The negotiations within the Organisation for Economic Co-operation and Development (OECD) for a global solution for the taxation of the digital economy have been through some tumultuous developments in the past few weeks, threatening to prevent the 137 participating countries from reaching an agreement by the end of 2020. Despite the significant progress being made on the so-called OECD’s “pillar one”, determining how multinationals’ profits are allocated among countries where they do business, the recent opposition from the United States makes reaching a global solution less likely. The OECD’s second pillar sets a global minimum corporate tax rate to stop countries lowering corporate tax rates in an attempt to shift company headquarters to their jurisdictions and enjoys the support of the United States. However, an agreement cannot be achieved without committing to both pillars. OECD officials stated that there was a public consultation envisioned sometime during the summer and a meeting of country representatives for the first time after the pandemic in October 2020. Despite the US announcement on 12 June to pause its participation in the OECD negotiations, the OECD plans to maintain its schedule of meetings.
US – EU tensions
In 2019, after France adopted a national digital services tax, the US government launched an investigation into the French DST and concluded that it unfairly discriminated against the US. The two countries reached an agreement and sanctions were not imposed pending the OECD negotiations. Yet, on 2 June, the US launched a series of trade investigations potentially leading to tariffs on countries in Europe, Asia and South America if they adopt digital services taxes. That decision prompted French Finance Minister Bruno Le Maire to state at a hearing at the French Senate that the United States was the only country blocking a deal on international taxation of digital giants, claiming that all other states supported the OECD proposal.
On 12 June, United States’ Treasury Secretary Steven Mnuchin sent a letter announcing the US will no longer be part of the negotiations, suggesting a pause in the OECD talks on international taxation while governments around the world focus on responding to the COVID-19 pandemic and safely reopening their economies. This decision marks the latest escalation of the tension between the US and the EU regarding the imposition of a global digital tax. After Washington confirmed that it had pulled out of the OECD talks, officials including Bruno Le Maire and the European Economy Commissioner Paolo Gentiloni, expressed their support for national or EU-wide digital levies – plans that would likely lead to retaliation from the US. The Commission said it would revive plans for an EU-wide digital tax if the OECD level negotiations become thwarted by the US’s withdrawal. However, an EU-wide digital tax also appears to be difficult due to the opposition of Ireland and the Nordic Member States. For now, Angel Gurría, the OECD’s secretary-general, urged countries to remain at the negotiating table with the aim of reaching a global digital tax deal by the end of 2020. On 22 June, Bruno Le Maire and his German counterpart Olaf Scholz stated that France and Germany remain committed to reaching an OECD-level agreement on digital taxation and minimum corporate tax by the end of the year.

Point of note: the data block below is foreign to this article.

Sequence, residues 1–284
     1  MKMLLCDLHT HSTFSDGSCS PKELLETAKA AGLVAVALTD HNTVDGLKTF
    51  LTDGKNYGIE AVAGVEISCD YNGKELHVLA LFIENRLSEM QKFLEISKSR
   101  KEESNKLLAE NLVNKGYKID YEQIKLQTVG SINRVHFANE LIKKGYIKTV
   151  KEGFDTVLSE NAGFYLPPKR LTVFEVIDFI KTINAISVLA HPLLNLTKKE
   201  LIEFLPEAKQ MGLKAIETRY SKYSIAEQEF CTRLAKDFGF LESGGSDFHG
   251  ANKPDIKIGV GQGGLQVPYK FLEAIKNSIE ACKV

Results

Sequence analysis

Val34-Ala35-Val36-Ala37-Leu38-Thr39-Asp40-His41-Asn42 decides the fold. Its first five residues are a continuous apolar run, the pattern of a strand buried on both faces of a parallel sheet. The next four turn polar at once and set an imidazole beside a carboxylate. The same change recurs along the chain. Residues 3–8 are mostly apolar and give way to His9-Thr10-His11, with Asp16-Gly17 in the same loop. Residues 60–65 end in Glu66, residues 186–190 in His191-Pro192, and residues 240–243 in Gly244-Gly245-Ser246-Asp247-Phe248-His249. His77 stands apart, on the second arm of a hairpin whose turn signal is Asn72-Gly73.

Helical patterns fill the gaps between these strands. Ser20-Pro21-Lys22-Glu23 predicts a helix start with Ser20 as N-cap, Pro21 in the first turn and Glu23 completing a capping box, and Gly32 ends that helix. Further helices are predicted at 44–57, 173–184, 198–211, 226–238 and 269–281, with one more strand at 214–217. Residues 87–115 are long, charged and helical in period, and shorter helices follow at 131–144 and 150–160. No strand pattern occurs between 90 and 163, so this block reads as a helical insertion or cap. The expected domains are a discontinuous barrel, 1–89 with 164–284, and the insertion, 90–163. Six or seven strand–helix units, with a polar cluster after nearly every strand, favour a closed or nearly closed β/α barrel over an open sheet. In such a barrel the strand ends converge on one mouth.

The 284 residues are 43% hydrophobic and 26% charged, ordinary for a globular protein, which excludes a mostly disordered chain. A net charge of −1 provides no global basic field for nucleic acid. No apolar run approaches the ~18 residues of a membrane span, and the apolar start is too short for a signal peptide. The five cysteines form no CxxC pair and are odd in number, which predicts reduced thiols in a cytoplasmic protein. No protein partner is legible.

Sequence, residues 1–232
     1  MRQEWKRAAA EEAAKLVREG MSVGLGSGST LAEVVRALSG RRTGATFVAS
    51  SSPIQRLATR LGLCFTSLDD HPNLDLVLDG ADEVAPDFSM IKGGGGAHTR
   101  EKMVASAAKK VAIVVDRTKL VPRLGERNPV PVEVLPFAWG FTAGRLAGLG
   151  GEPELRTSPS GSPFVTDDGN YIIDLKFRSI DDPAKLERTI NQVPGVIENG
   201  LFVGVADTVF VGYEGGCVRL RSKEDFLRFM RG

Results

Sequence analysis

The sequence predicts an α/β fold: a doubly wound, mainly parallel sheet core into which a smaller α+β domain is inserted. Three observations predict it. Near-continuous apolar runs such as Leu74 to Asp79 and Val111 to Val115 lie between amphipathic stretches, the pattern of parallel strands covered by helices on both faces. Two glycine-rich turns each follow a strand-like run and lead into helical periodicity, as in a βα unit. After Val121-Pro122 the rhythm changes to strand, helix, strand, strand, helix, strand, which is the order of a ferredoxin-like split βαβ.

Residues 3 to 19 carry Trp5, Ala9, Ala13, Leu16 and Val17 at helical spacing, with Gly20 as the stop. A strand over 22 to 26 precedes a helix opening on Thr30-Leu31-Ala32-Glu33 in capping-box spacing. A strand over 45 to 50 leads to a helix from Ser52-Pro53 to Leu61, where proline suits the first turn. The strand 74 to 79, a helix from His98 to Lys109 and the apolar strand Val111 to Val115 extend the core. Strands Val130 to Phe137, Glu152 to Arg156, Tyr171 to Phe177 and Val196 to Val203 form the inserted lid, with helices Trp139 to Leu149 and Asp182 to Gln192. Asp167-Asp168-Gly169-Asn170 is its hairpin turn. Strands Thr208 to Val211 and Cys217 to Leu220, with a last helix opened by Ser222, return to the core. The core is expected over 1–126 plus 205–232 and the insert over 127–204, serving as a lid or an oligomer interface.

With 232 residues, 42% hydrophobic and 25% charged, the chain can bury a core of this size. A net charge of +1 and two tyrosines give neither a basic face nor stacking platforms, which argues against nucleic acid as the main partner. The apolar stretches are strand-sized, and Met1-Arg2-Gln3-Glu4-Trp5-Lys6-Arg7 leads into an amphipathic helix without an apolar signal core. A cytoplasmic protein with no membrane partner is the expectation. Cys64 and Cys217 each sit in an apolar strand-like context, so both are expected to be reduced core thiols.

Digital Services Tax across EU Member States
A group of EU Member States (France, Italy, Austria, Spain, Czech Republic, Belgium) and the UK have adopted or are in the process of adopting national digital services taxes (between 2% and 5%) applying to revenues from the provision of “digital services” such as online intermediation, online advertising, sale of users’ data, etc. Each country’s DST has its own parameters.
Ecommerce Europe’s perspective on the taxation of the fast-digitalizing economy
Ecommerce Europe believes that only a multilateral, global solution at OECD level will be able to fully solve the taxation challenges created by the fast-digitalizing economy, and successfully reduce the risk of double taxation and international trade distortions, or even retaliation measures from non-EU countries, as we have seen in the dispute between France and the US. Furthermore, in the context of the discussions around the international tax reform, Ecommerce Europe would like to reiterate that taxes should be based on profits, not on revenues. New tax rules should also be simple, easy to administer and provide legal certainty. Finally, they should be globally and easily enforceable, in order to avoid putting non-EU companies in a competitive and unfair advantage vis-à-vis EU businesses. This means that all players should face real consequences for non-compliance or fraud.